On her first day in Paris, Carli Lloyd said she “just kind of chilled out” at her hotel. That’s what she did the day before that.
And much of last week too.
“I’m a little bored, to be honest,” she said Friday. “There’s only so many Netflix [programs].”
Blame a Women’s World Cup schedule that had the U.S. playing the last of 12 group-play openers, five days after the tournament started. That was 16 days after the team played their final exhibition game at home.
For women used to playing once a week, the waiting has seemed interminable.
“I just want to play,” said forward Mallory Pugh, one of 11 U.S. players who waited their whole lives to play in a World Cup, only to get to France and be told to wait a bit longer.
When taking the field for their first game, the Americans were told again to hold on.
“We had some kind of TV delay,” midfielder Samantha Mewis said. “We were all ready, and then the ref was like ‘sorry’ and we had to wait like a full minute to start. I remember just looking at [teammate Megan Rapinoe] and being like, ‘Well, we’ve waited this long.’ ”
The pause didn’t seem to hurt the team or Mewis, who scored two goals and assisted on two others in a 13-0 rout of Thailand. But now the U.S. is in a holding pattern again since its second group-play game isn’t until Sunday, when it will face Chile at Parc des Princes, on the edge of Paris.
“I would actually like to play [now]. I think all of us would,” Lloyd said.
Boredom aside, Lloyd said the days off now could benefit the U.S. later. If the Americans make it to the semifinals, something they’ve done in every previous Women’s World Cup, they’d play three games in the tournament’s final 10 days.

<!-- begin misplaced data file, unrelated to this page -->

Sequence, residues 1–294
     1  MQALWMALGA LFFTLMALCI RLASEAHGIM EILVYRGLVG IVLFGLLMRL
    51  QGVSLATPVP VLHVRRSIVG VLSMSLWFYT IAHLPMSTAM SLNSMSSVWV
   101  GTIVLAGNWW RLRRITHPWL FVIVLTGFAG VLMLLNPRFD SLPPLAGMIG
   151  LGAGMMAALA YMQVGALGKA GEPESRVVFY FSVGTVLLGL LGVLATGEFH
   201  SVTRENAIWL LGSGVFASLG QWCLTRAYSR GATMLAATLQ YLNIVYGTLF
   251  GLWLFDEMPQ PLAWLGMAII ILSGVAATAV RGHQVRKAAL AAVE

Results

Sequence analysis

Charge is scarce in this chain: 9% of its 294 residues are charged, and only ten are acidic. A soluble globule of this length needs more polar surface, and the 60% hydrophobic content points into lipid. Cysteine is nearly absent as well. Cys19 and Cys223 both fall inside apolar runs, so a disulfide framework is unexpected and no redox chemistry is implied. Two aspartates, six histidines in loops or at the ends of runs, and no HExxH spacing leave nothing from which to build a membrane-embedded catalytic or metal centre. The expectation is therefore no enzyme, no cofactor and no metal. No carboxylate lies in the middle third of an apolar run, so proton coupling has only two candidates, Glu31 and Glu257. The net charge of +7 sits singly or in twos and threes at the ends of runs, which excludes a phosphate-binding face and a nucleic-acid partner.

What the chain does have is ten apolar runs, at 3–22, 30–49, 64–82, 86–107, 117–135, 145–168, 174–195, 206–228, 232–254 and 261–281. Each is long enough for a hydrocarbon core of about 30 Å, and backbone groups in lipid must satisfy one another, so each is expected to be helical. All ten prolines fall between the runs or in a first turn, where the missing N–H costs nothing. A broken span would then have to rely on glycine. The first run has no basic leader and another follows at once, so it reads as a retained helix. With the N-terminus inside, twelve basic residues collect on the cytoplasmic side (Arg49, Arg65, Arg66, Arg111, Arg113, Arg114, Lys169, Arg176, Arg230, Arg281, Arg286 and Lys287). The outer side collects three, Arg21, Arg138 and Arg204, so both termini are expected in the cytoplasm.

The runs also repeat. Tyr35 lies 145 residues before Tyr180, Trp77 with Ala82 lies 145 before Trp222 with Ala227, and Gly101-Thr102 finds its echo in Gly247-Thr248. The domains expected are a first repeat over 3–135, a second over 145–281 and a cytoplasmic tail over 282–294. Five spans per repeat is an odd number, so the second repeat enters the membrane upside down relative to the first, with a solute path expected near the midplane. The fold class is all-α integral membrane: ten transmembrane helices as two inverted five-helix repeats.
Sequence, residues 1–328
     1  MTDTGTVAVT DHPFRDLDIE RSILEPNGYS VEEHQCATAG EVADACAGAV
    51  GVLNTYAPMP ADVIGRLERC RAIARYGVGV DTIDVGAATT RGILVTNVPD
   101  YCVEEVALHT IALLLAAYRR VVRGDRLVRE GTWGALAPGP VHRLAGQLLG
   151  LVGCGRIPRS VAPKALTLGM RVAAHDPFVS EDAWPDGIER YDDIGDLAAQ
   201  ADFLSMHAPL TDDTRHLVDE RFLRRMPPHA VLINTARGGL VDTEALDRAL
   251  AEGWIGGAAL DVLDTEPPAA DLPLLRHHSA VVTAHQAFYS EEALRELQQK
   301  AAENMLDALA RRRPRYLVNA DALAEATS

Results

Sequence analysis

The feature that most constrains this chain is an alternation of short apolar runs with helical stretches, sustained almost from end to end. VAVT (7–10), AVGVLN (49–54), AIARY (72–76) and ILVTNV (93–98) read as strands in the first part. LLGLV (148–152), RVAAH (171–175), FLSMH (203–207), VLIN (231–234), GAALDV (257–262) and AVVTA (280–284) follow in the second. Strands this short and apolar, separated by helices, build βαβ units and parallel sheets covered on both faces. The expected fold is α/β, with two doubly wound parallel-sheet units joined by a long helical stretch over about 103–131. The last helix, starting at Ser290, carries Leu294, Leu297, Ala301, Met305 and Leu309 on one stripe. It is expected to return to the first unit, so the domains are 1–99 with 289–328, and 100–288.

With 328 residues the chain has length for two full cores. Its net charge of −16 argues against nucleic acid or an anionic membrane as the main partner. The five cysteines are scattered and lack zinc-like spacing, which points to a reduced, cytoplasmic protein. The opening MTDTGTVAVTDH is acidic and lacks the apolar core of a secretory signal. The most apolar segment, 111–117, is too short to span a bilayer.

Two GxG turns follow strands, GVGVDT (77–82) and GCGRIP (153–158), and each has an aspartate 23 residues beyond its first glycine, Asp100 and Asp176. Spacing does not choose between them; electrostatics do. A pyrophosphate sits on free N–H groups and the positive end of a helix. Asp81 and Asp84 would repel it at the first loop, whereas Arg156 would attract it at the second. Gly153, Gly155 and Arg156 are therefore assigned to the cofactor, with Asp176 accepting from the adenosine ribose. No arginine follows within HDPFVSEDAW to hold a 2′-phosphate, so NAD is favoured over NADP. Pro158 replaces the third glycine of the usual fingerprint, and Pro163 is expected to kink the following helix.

“As you get deeper into the tournament, which we hope we do, those days are going to come in handy,” she said. “It’s just kind of the nature of it. And it might work to our advantage.”
No player on the U.S. team understands the rhythms of a major tournament better than Lloyd, who has played in three Olympics and is taking part in her fourth Women’s World Cup. Through trial and error, she’s found a formula that works.
In her first two World Cups, in 2007 and 2011, friends and relatives came to see her play. And the U.S. lost.
In her first Olympic tournaments, her friends and family watched from home. And the U.S. won.
Same with the World Cup four years ago.
“I’m not a superstitious person,” Lloyd said. “[But] this is a trend.
“So I’m keeping it same.”
Pugh, sitting beside her teammate, smiled.
“That’s a good idea,” she said.
That can lead to some long days. While other players such as Pugh, whose family was scheduled to arrive Friday, and Mewis have been able to while away some of their down time with friends and relatives, Lloyd said she’s been “just kind of on my own, doing my thing, focusing.”
“For me it works,” she continued. “I don’t have to worry about my friends and family, whether they’re having fun. Or if I go see them for 15, 20 minutes and then maybe I feel a little bit guilty I should have spent another five minutes with them.
“I don’t have to worry about them at all. And it’s fantastic.”
Playing time is a worry for Lloyd though. A two-time world player of the year, Lloyd lost her starting spot with the national team last year and has started just once in 10 appearances this year.
While she hasn’t lost her effectiveness, picking up a goal or an assist in five straight games, Lloyd isn’t satisfied with her new role as Alex Morgan’s backup.
“If I was satisfied with that, I really shouldn’t be here. That’s just not who I am as a person and player,” said Lloyd, who has seven goals in her last five Women’s World Cup games, the last coming in a 33-minute appearance off the bench against Thailand.
“I know that my ability is there. There’s honestly nothing that’s holding me back except for the coach’s decision.”
She doesn’t agree with that decision by coach Jill Ellis, but Lloyd said she respects it and has accepted the challenge of being ready when called on — no matter how long she has to wait.
“I haven’t sat here and pouted around and been a horrible teammate,” she said. “I’ve showed up every single day at training and been the hardest-working player I can possibly be.